The Royal Marches

A special musical tradition in Denmark is the royal marches, which means that certain pieces of music have been composed for the monarch or members of The Royal Family.

In the mid-1800s, a special tradition of music occurred in Denmark through the composition of personal marches for the Monarch and members of The Royal Family.

For centuries, military marches have been used to empower and encourage soldiers before battle. With a military band in front, it was also made sure that marching troops kept in step. This is significant for the marches because they accompany the Guards’ ceremonial duties at the royal palaces.

Over the years, the sounds of royal marches have accompanied the changing of the guard at the royal residence and at other major events in The Royal House . Also, the various marches have contributed to portray The Royal Family, as hidden references and greetings have been incorporated in the tunes.

Initially, the royal marches were gifts from the composers to the Monarch. However, in modern times the marches have been created in close cooperation with the relevant member of The Royal Family. The latest march was written for HRH Princess Benedikte in November 2017 and has not yet been recorded.

Scores and parts for all the marches can be downloaded free of charge from the homepage of the Band of The Royal Life Guards - “Den Kongelige Livgardes Musikkorps” 

March in honour of King Frederik VII 

Original name in Danish: “Kong Frederik den VII’s Honeur Marsch”

In 1861, H.C. Lumbye, the composer, gave a personal march to Frederik VII This was the first piece of music in a long tradition of composing military marches in honour of the Monarch of Denmark and other members of The Royal House. Frederik VII knew Lumbye and his music from the concert hall of the still existing Tivoli Gardens in Copenhagen, where the king often attended the concerts of the famous composer. The relation resulted in the composition of the “March in honour of King Frederik VII”. The march pleased the king, and consequently he ordered The Royal Life Guards to play the march at the changing of the guard ceremony at Amalienborg.

At this time, H.C. Lumby from the stage in Tivoli Concert Hall was the leading musical force in Denmark as Director of Music as well as a composer. At the age of 14, Lumbye was trained as a bugler in the local regimental band of Odense, Funen, and later he was employed as a trumpeter in The Royal Horse Guards in Copenhagen. This background in military music combined with the career as a composer of more than 700 polkas, waltzes and galops made it natural, that the first royal march of honour was influenced by all these different musical traditions.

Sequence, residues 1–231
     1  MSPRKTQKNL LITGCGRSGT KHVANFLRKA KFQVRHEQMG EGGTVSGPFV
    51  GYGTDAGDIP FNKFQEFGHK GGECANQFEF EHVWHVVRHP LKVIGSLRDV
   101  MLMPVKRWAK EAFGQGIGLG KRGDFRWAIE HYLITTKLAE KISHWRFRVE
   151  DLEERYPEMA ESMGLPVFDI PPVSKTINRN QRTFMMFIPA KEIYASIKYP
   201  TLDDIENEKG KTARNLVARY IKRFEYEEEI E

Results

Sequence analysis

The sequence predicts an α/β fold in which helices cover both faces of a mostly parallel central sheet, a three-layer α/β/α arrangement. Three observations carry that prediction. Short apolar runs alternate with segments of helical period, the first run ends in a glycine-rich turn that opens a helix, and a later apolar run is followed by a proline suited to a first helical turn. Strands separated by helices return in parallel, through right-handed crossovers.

The musical present from H.C. Lumbye to Frederik VII not only became the first royal march of honour in the history of Denmark, but also became the basis of a tradition of hiding small messages to the Monarch in the music. Thus, the “March in Honour of King Frederik VII” begins with an already known short piece of music introduced in 1808 as “Parade March”, later named “Honour March for Royal House and Flag” and “The Colour March”. Used as the latter at the changing of the guard for the Sovereign, it is played as a slow march. In the honour march of Frederik VII, the piece of music is a festive introduction to the march, and it was the use of this honour march that introduced the term royal march of honour – in Danish “Honnør”.

March in honour of King Christian IX 

Original name in Danish: “Kong Christian den IXdes Honneur Marsch”

In the year of destiny for the Danish Monarchy,1864, H.C. Lumbye composed his march for the new king, Christian IX. The “March in honour of King Christian IX” had its first performance on the Danish Constitution Day, 5 June, during the German-Danish War of 1864.

H.C. Lumby got acquainted with Christian IX as a Prince and serving officer in the Horse Guards where Lumbye as mentioned served as a trumpeter. His compositions for members of The Royal Family also included “Queen Louise Waltz”, “Princess Thyra Polka” and “Dagmar Polka”. The latter was composed in 1866 on the occasion of Christian IX’s and Queen Louise’s daughter Princess Dagmar’s wedding to the later Tsar Alexander III of Russia.